Jacksonville Sports News, Sam Kouvaris - SamSportsline.com

Jaguar Outlook

In the middle of the locker room, Jaguars Linebacker Kevin Hardy stood, with the help of crutches, surveying the landscape. As he looked around, the sight was different than anything he’d seen in the past, and is different than anything the locker room will look like in the future. There are remnants of the Jaguars past, Mark Brunell, Seth Payne and Jimmy Smith, and there are glimmers of the Jaguars future in Marlon McCree, Danny Clark and others. Hardy is a free-agent, and after a 7 week rehab on his knee, he’ll be fielding offers from other teams. The Jaguars won’t be in that market.

“It would be tough,” is how Head Coach Tom Coughlin characterized the Jaguars chances to re-sign Hardy.

Getting many veterans back is going to be very tough for the Jaguars from top to bottom. Some estimates have the Jaguars being able to keep fifteen players off the 2001 team and the rest will have to be minimum salary contributors (rookie and first year players). So who are these fifteen?

On offense, Mark Brunell, Jimmy Smith and Fred Taylor have cap friendly salaries that will have them on the roster next year. Keenan McCardell’s cap number is about $4 million, and will only return if the Jaguars agree to a long-term restructuring of his contract with some guaranteed money. Sean Dawkins isn’t affordable, Kyle Brady won’t be back because of his cost and Zach Weigert’s a question mark because of his salary.

Stacey Mack is a free-agent who should attract some attention after his late season performance. Elvis Joseph is a coaches’ favorite and comes at the right price. Maurice Williams returns, so does Brad Meester. The Jaguars will weigh Todd Fordham, Jeff Smith and Patrick Washington’s production against their cost.

As for Tony Boselli, his status could be a very hard decision for the Jaguars. His cap number is around $7 million and in recent years hasn’t shown an ability to stay healthy. His work ethic is unquestioned, his ability unmatched, and his leadership a key factor in success for the Jaguars. But can he stay on the field? He’s a Coughlin type of player, in fact he’s the Coughlin type of player and no doubt he’ll be on the roster next year. But at least once this off-season, the Jaguars will look at Boselli as a number, instead of a player, for the first time in his career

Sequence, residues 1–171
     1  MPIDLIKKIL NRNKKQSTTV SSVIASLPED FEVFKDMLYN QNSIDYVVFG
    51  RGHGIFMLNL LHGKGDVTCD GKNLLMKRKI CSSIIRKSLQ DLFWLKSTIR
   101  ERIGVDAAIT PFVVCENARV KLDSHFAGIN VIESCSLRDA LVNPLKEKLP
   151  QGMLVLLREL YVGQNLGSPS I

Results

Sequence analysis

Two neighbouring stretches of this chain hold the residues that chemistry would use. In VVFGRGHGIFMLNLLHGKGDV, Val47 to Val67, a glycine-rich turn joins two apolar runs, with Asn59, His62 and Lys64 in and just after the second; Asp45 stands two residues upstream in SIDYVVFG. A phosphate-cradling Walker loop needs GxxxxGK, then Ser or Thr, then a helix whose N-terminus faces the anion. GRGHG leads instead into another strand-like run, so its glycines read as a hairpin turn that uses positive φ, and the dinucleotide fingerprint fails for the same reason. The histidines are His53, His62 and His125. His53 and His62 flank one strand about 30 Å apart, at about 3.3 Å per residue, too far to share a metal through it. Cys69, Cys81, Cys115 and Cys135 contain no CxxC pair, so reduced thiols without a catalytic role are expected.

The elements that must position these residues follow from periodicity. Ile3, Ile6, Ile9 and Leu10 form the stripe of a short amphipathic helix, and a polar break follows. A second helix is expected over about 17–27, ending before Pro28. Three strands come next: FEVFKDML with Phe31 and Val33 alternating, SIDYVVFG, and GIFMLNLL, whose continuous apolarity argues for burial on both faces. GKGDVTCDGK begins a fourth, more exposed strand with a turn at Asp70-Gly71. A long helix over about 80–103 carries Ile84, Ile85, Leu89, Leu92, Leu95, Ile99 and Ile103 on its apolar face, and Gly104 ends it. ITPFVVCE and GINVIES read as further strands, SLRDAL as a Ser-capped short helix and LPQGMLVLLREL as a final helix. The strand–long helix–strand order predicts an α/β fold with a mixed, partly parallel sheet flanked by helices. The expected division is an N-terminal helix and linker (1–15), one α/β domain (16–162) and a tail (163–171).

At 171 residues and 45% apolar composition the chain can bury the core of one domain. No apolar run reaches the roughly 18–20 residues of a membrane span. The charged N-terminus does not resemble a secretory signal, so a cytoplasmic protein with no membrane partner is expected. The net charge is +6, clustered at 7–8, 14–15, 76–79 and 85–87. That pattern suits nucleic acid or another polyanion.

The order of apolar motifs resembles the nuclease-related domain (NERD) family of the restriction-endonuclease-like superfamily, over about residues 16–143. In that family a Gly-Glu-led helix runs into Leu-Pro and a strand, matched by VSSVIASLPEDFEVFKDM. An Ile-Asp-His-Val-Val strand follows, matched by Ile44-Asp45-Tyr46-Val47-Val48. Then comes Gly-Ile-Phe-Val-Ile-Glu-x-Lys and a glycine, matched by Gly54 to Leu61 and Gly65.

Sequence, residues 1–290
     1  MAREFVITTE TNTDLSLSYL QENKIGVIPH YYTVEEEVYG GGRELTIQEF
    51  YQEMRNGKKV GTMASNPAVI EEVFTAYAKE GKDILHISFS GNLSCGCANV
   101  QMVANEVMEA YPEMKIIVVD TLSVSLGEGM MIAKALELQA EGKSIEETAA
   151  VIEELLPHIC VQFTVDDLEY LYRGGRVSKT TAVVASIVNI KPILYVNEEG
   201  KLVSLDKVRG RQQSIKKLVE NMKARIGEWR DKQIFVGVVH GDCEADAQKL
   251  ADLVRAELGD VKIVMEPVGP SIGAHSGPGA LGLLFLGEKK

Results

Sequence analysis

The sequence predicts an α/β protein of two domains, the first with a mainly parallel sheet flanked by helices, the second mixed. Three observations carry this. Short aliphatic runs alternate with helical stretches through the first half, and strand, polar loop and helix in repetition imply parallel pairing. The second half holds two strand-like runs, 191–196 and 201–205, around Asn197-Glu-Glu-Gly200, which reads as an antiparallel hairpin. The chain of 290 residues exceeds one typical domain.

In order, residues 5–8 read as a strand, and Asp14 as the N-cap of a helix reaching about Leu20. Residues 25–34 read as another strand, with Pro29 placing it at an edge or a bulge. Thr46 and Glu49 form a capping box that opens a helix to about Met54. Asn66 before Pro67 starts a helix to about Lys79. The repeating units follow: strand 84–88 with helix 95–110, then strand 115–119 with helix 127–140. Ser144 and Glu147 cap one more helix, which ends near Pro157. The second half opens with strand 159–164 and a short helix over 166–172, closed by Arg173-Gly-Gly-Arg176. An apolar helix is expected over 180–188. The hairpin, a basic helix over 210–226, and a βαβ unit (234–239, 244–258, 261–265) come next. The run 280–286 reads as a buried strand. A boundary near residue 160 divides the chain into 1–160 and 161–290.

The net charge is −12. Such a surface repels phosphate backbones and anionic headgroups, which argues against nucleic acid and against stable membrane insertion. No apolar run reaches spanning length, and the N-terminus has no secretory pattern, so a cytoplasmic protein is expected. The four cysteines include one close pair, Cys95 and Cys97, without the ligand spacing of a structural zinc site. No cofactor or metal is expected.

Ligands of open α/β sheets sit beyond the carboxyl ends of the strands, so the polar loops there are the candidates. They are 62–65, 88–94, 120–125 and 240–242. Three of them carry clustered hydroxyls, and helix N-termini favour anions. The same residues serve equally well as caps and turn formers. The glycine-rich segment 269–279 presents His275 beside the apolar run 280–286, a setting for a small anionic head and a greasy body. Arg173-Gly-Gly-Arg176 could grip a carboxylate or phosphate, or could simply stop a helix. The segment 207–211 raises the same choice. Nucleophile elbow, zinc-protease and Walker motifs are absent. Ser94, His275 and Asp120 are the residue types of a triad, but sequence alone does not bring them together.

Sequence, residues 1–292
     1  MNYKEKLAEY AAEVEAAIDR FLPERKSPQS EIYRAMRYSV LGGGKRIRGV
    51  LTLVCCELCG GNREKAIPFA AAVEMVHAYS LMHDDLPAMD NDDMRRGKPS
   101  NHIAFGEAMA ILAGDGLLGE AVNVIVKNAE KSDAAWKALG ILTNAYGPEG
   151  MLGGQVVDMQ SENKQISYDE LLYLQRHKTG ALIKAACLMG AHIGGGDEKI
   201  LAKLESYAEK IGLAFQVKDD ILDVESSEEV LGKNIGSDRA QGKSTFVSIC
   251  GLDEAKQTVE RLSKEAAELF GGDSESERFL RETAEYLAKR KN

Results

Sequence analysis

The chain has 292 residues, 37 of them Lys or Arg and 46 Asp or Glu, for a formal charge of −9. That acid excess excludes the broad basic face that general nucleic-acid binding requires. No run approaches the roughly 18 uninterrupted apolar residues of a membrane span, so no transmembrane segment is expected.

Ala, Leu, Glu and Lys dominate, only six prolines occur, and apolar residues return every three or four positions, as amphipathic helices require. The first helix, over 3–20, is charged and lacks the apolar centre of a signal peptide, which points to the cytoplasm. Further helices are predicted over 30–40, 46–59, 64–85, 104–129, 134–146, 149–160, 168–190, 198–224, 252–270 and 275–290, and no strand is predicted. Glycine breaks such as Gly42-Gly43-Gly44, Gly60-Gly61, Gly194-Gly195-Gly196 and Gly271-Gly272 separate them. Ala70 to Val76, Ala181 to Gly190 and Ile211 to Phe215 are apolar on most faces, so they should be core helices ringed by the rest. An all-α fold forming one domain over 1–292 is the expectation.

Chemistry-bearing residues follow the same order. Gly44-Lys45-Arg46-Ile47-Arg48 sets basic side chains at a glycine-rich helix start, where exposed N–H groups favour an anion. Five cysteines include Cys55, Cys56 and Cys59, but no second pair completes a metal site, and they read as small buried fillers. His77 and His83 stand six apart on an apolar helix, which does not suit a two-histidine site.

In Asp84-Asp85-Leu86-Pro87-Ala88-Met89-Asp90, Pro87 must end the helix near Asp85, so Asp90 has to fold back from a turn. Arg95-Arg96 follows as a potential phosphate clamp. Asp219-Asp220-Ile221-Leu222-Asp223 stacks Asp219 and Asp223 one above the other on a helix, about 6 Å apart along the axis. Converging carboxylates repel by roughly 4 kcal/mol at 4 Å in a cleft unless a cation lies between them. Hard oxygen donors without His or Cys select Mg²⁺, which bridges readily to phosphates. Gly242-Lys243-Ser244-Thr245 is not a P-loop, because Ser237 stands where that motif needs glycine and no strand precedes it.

On defense, Tony Brackens is back, as is Marcus Stroud. Paul Spicer won’t cost too much. Renaldo Wynn is a free-agent and the Jaguars will have to decide between Seth Payne and Gary Walker. They can’t keep both, and might have a tough time fitting either under the cap.

T.J. Slaughter and Danny Clark will be two of the starting linebackers but who’s the middle linebacker? Marlon McCree and Donovin Darius will be in the defensive backfield. Have Kiwaukee Thomas and Jason Craft played well enough to allow the Jaguars to cut loose Aaron Beasley and Fernando Bryant? Bryant’s production is down, and Beasley’s cap number is too high. (Beasley should market himself as a free-safety at this point in his career. He has the size to stop the run and the cover skills to play on third down against a third wide receiver.)

So there you have it. Next year’s Jaguars team will have a few remaining veterans and a lot of young players. Some, like Joseph, Thomas and Craft, have gotten plenty of playing time. Others, names unknown as draft picks and rookie free-agents have yet to see the field in the NFL. Coughlin, his coaches and personnel department will be tested this year. They’ll have to do a better job of gathering players who can make their team and contribute right away.

Chris Hanson is the best find of the year, but the Jaguars spent a 5th round pick on a punter who didn’t make the team. Could that pick have been used better at another position?

The Jaguars lost 6th round pick Chad Ward to the 49ers this week off their practice squad. Another draft pick currently not on Jaguars roster. Add Anthony Denman to that list, and the trend of the team’s draft picks is not what they were hoping for. From Cordell Taylor, a second round cornerback bust, to R.Jay Soward, a first round washout, the Jaguars haven’t been able to stock their team sufficiently from their own draft classes whether it’s with special teamers or starters on offense or defense. They won’t be able to hide the 2002 class. How well the Jaguars do on the field will be a direct result of how they do in the war room in April.